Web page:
C. FUNDAMENTAL BIOLOGY AND BIOMEDICAL APPLICATIONS
C1. A new role for chloride in biology
It was widely believed that chloride ions acted as nothing but counter ions for protons during proton pumping in organelles. When we made the first measures of lysosomal chloride using Clensor, we found that it was the most chloride rich organelle of the cell. This high chloride was critical for lysosome function and depleting lysosomal chloride impeded the degradative function of the lysosome, seen in many lysosomal storage diseases.
Chakraborty, K., Leung, K., Krishnan, Y.* "High lumenal chloride in the lysosome is critical for lysosome function." eLife, 2017, 6, e28862. PMID: 28742019
C2. Chemically resolving lysosomes in live cells
We developed a new technology to simultaneously measure two ions in the same organelle, retaining information on the concentrations of both ions with single organelle addressability. We call this technology two-ion measurement or 2-IM. It exploits the principle that organelle populations that are challenging to discriminate based on a single parameter, can be resolved in two dimensions (2D) based on a second independent parameter. We thereby chemically resolve a crucial sub-population of lysosomes in healthy individuals, which is lost in patients with lysosomal diseases. We can also distinguish between different sub-types of Niemann Pick Diseases – a lysosomal storage disease. 2-IM can be applied to diagnosing neurological diseases, assessing disease severity and in screening for potential therapeutics.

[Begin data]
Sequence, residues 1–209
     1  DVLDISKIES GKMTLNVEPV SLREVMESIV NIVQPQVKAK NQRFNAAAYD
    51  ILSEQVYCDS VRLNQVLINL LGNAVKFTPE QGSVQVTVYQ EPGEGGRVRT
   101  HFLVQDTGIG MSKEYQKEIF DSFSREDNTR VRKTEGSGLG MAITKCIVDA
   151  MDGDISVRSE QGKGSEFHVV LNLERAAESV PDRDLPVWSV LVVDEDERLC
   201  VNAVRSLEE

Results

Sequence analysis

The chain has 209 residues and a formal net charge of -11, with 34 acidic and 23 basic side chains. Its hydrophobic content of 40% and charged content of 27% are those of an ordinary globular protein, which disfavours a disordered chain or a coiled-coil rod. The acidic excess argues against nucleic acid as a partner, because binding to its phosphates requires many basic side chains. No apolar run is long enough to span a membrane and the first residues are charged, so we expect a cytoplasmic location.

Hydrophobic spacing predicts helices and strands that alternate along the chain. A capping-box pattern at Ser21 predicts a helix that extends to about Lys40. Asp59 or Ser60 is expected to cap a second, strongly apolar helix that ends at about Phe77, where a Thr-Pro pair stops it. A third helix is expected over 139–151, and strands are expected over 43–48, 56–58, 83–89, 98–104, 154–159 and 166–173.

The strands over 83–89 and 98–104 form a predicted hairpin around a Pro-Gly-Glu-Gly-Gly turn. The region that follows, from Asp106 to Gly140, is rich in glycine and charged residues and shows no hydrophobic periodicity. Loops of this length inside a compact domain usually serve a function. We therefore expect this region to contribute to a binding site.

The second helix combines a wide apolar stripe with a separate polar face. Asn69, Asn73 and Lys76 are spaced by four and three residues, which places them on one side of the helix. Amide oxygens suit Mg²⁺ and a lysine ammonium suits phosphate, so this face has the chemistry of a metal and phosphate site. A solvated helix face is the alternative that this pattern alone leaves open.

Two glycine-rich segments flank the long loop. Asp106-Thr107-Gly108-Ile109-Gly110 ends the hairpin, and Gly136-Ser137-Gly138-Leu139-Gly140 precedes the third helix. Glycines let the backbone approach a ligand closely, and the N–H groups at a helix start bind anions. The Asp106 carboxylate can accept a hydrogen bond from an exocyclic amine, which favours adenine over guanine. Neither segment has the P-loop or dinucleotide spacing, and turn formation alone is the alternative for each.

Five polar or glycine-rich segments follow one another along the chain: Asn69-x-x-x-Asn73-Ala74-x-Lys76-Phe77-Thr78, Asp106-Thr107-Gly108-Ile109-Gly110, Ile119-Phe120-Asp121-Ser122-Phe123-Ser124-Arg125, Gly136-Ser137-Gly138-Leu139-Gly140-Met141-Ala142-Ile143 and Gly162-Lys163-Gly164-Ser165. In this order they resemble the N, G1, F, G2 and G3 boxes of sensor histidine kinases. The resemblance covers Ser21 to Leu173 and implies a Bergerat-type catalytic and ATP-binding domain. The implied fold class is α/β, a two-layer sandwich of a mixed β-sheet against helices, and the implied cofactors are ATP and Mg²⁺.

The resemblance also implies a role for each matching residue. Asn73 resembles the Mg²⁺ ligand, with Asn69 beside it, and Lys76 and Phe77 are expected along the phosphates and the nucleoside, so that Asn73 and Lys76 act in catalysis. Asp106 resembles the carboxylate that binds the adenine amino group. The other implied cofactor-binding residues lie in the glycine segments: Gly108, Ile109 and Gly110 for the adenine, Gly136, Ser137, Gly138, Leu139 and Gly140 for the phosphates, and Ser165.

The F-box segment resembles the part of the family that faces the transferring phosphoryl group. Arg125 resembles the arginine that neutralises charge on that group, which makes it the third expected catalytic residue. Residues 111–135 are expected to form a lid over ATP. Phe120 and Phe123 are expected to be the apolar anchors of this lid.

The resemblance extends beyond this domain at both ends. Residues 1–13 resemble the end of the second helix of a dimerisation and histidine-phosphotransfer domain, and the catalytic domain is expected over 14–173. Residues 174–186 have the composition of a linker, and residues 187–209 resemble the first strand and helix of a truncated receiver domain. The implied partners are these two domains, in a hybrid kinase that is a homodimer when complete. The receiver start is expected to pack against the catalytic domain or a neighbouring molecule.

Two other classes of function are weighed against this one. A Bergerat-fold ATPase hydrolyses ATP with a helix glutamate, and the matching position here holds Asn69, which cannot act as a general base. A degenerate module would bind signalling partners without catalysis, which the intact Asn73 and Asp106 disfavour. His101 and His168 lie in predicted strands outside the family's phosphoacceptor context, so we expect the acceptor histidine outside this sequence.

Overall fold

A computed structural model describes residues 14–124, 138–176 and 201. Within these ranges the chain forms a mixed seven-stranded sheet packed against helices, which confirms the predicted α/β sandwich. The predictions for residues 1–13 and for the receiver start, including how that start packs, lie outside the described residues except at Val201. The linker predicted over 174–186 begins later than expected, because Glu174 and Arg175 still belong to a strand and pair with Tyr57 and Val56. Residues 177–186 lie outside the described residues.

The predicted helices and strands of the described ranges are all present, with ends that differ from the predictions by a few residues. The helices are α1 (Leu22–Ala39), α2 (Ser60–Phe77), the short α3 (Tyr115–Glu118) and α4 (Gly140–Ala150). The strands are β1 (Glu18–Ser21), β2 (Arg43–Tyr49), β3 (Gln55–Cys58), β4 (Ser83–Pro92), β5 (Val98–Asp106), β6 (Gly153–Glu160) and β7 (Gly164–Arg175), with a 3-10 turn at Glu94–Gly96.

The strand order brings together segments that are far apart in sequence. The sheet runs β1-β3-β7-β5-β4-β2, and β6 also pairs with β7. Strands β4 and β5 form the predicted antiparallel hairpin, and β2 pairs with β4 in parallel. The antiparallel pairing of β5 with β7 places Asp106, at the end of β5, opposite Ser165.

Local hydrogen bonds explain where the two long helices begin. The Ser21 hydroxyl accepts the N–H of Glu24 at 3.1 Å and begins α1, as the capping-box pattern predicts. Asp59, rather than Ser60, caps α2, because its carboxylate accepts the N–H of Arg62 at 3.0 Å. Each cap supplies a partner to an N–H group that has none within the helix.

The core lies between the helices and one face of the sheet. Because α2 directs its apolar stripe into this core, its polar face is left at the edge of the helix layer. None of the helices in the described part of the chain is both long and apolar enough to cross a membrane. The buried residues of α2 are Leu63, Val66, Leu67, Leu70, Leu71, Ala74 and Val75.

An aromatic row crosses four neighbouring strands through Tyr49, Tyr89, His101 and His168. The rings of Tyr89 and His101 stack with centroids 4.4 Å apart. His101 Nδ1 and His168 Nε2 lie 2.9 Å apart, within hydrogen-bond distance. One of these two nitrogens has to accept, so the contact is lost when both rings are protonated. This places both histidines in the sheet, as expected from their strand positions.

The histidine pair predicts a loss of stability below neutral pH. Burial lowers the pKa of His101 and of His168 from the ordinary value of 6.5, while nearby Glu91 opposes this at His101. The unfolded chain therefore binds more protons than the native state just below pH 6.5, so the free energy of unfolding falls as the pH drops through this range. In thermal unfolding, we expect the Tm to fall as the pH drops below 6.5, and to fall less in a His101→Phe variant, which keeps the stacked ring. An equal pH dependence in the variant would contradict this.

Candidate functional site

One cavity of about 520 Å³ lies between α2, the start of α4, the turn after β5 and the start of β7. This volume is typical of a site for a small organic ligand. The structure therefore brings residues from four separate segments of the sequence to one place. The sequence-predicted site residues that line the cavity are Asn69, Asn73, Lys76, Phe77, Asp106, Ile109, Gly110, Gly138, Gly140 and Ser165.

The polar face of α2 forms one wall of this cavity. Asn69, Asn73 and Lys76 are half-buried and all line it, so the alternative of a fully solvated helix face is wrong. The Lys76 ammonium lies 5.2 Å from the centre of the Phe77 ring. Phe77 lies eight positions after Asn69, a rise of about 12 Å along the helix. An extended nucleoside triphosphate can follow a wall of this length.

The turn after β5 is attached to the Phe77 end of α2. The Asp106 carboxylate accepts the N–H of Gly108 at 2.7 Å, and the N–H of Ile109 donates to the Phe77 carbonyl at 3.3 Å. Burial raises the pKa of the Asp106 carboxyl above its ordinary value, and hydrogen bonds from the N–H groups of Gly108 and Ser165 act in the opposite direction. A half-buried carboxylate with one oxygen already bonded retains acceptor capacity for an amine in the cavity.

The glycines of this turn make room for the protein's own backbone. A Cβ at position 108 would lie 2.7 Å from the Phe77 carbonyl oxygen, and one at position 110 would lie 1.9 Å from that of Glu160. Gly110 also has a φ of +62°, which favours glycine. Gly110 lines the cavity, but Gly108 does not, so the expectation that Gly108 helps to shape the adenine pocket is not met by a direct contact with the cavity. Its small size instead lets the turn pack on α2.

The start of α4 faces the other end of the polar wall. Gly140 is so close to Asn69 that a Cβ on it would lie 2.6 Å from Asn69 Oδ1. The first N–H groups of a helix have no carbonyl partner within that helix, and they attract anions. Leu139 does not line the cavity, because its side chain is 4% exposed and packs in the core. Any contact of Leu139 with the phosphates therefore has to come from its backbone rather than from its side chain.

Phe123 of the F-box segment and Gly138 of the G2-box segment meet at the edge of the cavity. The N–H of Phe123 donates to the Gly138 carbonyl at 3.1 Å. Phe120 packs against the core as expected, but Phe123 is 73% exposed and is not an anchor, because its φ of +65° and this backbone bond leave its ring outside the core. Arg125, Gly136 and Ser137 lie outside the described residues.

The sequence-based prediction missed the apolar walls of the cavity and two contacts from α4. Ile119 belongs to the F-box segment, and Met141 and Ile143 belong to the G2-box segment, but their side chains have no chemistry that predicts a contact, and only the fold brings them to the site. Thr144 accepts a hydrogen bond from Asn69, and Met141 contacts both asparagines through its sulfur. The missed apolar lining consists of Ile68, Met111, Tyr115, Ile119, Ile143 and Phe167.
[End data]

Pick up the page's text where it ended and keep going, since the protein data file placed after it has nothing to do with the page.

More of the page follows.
Leung, K., Chakraborty, K., Saminathan, A., Krishnan, Y.* “A DNA Nanomachine chemically resolves lysosomes in live cells.” Nature Nanotechnology, 2018, DOI: 10.1038/s41565-018-0318-5. PMID: 30510277
C3. The first example of a potential lysosomal calcium importer
The ability to visualize two analytes with single organelle addressability allowed us to solve a thirty-year problem of quantitatively imaging Ca2+ in acidic organelles. Direct quantitative maps of lysosomal calcium ions in C. elegans as well as in skin fibroblasts of patients with Kufor-Rakeb syndrome led to us identifying ATP13A2 — a known risk gene for Parkinson’s disease—as a potential lysosomal calcium importer.Narayanaswamy, N., Chakraborty, K., Saminathan, A., Zeichner, E., Leung, K., Devany, J., Krishnan, Y.* “A pH-correctable DNA-based fluorescent reporter for organellar calcium.” Nature Methods, 2019, 16, 95. PMID: 30532082